[theora] Live Streams

Gregory Maxwell gmaxwell at gmail.com
Tue Jan 5 04:37:27 PST 2010

On Mon, Jan 4, 2010 at 11:49 PM, iMDT - Tiago Jacobs <tiago at imdt.com.br> wrote:
> Hello, i am member of red5 project. I am studying ways to integrate your
> codec into red5 and in a near future inside Flash Player.
> I want to figure some things about Theora codec.
>    -> Is theora proper for live streams (i.e live transcondig webcam)?
> What is latency for encoding process?

The algorithmic delay is one frame. Never greater because the format
does not use forward references.

>    -> Is the format tolerant to lost frames?

Not especially, unless you make every frame a key frame at a great
loss of compression efficiency. If you lose a frame you will
experience considerable corruption until the next keyframe.  If your
client can communicate back to the to encoder that you've lost a frame
you should be able to force a keyframe, thus recovering.

The *format* could do better. Rather than only using whole-frame
keyframes an encoder could produce "rolling keyframes" where a part of
the frame is refreshed without reference to prior frames on each
frame. This would speed up recovery from a loss somewhat without the
cost of making more complete frames a keyframe, but it would require a
fair amount of infrastructure work in the encoder.

On Tue, Jan 5, 2010 at 2:06 AM, Mircea Gliga <mgliga at integrasoft.ro> wrote:
> Hello,
>     I also was studying Theora a month ago. I wanted to integrate Theora in
> a online conference system. I encoded
> the video from a webcam using Theora and Xvid. Then I made a comparison
> between Theora and Xvid performaces.
> I measured how long does it take for Theora to encode an 640x480 image from
> the webcam (th_encode_ycbcr_in and th_encode_packetout
> API calls). I was doing this while shaking the camera, generating a lot of
> keyframes. On average: *80 ms*.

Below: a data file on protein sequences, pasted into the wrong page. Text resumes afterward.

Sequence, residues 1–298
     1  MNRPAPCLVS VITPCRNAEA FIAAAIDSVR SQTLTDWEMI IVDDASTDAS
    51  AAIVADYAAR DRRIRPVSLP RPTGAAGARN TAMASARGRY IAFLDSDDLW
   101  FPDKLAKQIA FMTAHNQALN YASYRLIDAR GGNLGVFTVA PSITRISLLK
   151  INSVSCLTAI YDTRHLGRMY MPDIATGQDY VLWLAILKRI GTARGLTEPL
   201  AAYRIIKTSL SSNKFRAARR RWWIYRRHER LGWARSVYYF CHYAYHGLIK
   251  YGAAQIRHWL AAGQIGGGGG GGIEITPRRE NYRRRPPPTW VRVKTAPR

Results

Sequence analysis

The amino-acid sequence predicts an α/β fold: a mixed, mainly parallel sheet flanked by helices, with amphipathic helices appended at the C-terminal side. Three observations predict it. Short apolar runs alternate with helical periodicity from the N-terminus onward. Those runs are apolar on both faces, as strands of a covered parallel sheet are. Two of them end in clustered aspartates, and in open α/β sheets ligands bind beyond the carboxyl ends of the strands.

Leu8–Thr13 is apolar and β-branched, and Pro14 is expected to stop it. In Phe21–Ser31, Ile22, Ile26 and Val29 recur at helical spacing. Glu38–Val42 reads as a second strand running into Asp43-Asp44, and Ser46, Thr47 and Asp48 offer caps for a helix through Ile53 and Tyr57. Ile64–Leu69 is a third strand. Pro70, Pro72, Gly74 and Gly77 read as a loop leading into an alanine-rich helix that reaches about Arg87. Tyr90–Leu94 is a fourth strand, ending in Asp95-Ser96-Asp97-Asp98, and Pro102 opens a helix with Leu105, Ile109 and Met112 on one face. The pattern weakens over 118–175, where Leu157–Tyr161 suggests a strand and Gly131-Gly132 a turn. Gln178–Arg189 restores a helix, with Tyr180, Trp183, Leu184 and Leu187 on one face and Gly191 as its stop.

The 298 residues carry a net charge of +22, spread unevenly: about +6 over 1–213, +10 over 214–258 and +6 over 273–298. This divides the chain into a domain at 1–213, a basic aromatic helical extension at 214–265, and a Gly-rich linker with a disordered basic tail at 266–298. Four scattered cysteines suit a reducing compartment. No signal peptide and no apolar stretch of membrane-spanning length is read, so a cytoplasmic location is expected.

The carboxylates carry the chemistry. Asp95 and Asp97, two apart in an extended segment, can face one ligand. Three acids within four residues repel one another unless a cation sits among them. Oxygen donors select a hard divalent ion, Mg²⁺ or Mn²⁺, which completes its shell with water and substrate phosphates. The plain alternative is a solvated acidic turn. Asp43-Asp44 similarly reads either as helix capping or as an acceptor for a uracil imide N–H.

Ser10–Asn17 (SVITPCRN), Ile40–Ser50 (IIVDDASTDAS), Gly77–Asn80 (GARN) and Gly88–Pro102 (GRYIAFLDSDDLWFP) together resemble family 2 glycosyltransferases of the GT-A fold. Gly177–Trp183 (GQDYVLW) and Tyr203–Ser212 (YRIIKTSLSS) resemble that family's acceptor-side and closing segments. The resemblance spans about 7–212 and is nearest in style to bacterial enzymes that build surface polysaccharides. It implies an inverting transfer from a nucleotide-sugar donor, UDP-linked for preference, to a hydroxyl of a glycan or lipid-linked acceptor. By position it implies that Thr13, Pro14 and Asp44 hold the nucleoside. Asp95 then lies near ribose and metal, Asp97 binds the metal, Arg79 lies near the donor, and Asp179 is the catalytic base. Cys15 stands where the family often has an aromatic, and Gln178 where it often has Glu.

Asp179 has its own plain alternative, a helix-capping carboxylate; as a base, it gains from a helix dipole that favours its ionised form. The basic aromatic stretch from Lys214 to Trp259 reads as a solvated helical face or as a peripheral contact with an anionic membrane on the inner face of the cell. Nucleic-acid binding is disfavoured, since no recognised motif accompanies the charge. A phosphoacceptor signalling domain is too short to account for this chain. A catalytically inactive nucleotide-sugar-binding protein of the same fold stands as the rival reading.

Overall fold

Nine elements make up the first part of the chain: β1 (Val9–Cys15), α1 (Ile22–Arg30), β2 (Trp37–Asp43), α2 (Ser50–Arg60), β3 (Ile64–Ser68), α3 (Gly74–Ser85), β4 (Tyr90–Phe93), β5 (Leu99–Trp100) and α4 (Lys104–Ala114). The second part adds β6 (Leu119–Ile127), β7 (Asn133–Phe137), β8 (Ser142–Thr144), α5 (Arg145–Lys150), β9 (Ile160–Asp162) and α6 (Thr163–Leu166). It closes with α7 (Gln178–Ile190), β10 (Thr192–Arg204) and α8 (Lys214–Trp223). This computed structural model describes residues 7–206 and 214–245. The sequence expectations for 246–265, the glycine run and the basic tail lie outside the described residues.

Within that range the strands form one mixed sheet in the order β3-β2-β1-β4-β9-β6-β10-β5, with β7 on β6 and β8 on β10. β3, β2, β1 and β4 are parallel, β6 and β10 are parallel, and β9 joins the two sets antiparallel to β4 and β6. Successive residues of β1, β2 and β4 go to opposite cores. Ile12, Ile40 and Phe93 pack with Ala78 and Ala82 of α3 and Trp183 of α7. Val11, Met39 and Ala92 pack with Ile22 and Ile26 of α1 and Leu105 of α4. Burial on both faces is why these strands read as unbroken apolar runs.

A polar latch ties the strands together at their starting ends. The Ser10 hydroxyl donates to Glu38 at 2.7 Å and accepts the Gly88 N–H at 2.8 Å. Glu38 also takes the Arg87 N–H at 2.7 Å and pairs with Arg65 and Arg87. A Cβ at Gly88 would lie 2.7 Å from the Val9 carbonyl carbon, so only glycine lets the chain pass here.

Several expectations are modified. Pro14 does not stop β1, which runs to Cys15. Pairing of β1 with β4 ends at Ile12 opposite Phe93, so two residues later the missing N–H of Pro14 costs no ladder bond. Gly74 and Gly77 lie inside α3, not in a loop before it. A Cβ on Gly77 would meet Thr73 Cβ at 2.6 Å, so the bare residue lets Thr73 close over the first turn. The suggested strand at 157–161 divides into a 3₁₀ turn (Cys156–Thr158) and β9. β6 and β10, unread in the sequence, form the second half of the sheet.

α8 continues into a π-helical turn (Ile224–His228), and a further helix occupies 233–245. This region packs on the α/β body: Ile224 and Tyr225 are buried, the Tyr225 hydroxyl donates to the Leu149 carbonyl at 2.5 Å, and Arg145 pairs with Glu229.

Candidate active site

>     Using XVID I've obtained between *20-25 ms* for an image. That's 60ms
> longer using Theora.
> Also, the CPU load was higher in case of Theora.

We were never able to figure out why Theora was slow for you.  There
may be some flaw with the windows project files and assembly support.

If you have an opportunity can you time a quality 25 (quality 4 in
applications with a range of 10) keyframe interval 64 encode of
http://media.xiph.org/video/derf/y4m/soccer_4cif.y4m  (704x576x60fps
with high motion)

For me, on 2.8ghz core2 (X3360, so 6MB cache) that file averages
36.7ms/frame for the entire encode process, including reading the
frames.  30.6ms/frame with a lower bitrate (2mbit/sec) output.
20ms/frame with keyint=1 (the high bitrate of the keyframes is offset
by never having to do any of the differential stuff, as well has
having fewer modes to consider; of course the bitrate is stupid, but
this might matter for applications where the bitrate isn't important)

Switching to speed level 2 (which might be acceptable for a low motion
talking head clip, its not for this kind of footage) the speed
increases to 16.9ms/frame.

On a 1.6ghz core2 (L7500; 4mb cache) I'm timing an average of
66.9ms/frame (31.2ms/frame with speedlevel 2)

In all my cases I'm building with GCC 4.4.2 on Fedora, so its a fairly
different environment. Still, If there is something wrong with the
windows project files for encoding assembly support I would be
interested in finding that out.

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